Last week marked an important milestone for AGree. Building upon the recent release of consensus recommendations for four of our eight Initiatives– Working Landscapes, Food & Nutrition, International Development, and Immigration Reform, we convened A Better Path from Farm to Fork: Policy Solutions for the Future of Food. The November 18 Forum, hosted by National Geographic in Grosvenor Auditorium, brought together senior leaders from across government, food and agriculture, nutrition and health, education, and civil society. The video of the forum can be viewed here.
The forum began with a welcome from John Fahey, Chairman, National Geographic, and keynote remarks from U.S. Senator Debbie Stabenow, D-MI, Chairwoman of the Senate Agriculture, Nutrition, and Forestry Committee. U.S. Secretary of Agriculture Tom Vilsack provided welcoming remarks by video and AGree’s Co-Chairs presented on our work and shared their reflections. Dennis Dimick, Executive Environment Editor of National Geographic Magazine, moderated a panel discussion that included:
These leaders, whose work truly spans “farm to fork” and the myriad of issues that lie in between, respectfully shared perspectives about the need for diverse and inclusive approaches that bridge large and small farming operations, address root causes such as poverty and property rights, foster research and best practices such as those that build soil health, and embrace the need for adaptation and creative problem solving in the face of change. These extraordinary leaders, in very plain language, underscored the need for pragmatic approaches and the tremendous opportunities we are afforded by working together. Alison Rice of AgWeb.com wrote a comprehensive article on the Forum that can be read here.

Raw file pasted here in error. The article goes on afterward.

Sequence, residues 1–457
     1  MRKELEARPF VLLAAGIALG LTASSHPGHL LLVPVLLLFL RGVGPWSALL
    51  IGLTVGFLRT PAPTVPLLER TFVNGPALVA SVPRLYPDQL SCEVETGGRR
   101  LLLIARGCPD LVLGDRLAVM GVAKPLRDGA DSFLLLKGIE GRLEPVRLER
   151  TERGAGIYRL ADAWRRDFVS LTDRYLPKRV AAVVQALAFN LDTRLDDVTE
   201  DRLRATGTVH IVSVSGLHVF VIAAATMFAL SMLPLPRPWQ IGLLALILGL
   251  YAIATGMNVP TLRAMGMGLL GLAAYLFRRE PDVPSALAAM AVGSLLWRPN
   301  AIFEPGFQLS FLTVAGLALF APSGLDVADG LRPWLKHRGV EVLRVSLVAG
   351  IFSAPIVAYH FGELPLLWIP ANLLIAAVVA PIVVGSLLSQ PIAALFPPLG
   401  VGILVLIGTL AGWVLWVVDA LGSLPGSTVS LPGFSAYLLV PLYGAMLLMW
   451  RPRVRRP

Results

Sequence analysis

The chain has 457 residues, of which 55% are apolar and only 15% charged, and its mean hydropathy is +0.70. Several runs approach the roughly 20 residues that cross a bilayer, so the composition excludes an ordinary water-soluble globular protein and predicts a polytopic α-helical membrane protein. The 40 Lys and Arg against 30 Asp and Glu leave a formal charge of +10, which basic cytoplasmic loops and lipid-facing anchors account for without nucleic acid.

The next day, on Wednesday, November 19, AGree held its First Annual Partners Forum at Georgetown University. The purpose of the meeting was to sit down with partners and potential partners – people we know well and others who are new to AGree – to share our work and most importantly, discuss how together we can build upon and amplify our collective efforts to transform food and agriculture and make it a national priority.
I appreciated the rich discussions we had last week – questions about the nature of AGree’s work and suggestions for how we can move forward together to build trust, create broad coalitions for action, and ultimately effect change – both on the ground and in Washington D.C.
We are proud of what we have accomplished to date but recognize that our journey has really just begun. There are mountains yet to climb on crucial issues facing our food and agriculture system, and we look forward to building out a robust platform for change with all of you. We welcome your ideas, knowledge, networks, and passion for transforming the food and agriculture system. Together, we can go a long way.